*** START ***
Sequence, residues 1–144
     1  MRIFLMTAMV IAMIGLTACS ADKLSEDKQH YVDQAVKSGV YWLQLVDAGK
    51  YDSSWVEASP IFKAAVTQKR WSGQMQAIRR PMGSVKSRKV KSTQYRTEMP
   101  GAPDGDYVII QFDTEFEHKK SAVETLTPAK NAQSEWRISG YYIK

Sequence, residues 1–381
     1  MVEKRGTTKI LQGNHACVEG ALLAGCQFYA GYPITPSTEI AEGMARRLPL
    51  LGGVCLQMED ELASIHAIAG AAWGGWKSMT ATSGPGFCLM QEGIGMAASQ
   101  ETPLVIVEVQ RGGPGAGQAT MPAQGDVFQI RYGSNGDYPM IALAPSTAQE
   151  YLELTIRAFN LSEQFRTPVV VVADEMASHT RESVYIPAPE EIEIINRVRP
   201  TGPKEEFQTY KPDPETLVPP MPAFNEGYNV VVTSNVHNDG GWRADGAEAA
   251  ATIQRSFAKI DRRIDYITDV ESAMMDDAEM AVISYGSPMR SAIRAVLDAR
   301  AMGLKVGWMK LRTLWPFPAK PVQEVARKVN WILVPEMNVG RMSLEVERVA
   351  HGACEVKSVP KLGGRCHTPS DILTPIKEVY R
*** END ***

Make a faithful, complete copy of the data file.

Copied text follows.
Sequence, residues 1–144
     1  MRIFLMTAMV IAMIGLTACS ADKLSEDKQH YVDQAVKSGV YWLQLVDAGK
    51  YDSSWVEASP IFKAAVTQKR WSGQMQAIRR PMGSVKSRKV KSTQYRTEMP
   101  GAPDGDYVII QFDTEFEHKK SAVETLTPAK NAQSEWRISG YYIK

Sequence, residues 1–381
     1  MVEKRGTTKI LQGNHACVEG ALLAGCQFYA GYPITPSTEI AEGMARRLPL
    51  LGGVCLQMED ELASIHAIAG AAWGGWKSMT ATSGPGFCLM QEGIGMAASQ
   101  ETPLVIVEVQ RGGPGAGQAT MPAQGDVFQI RYGSNGDYPM IALAPSTAQE
   151  YLELTIRAFN LSEQFRTPVV VVADEMASHT RESVYIPAPE EIEIINRVRP
   201  TGPKEEFQTY KPDPETLVPP MPAFNEGYNV VVTSNVHNDG GWRADGAEAA
   251  ATIQRSFAKI DRRIDYITDV ESAMMDDAEM AVISYGSPMR SAIRAVLDAR
   301  AMGLKVGWMK LRTLWPFPAK PVQEVARKVN WILVPEMNVG RMSLEVERVA
   351  HGACEVKSVP KLGGRCHTPS DILTPIKEVY R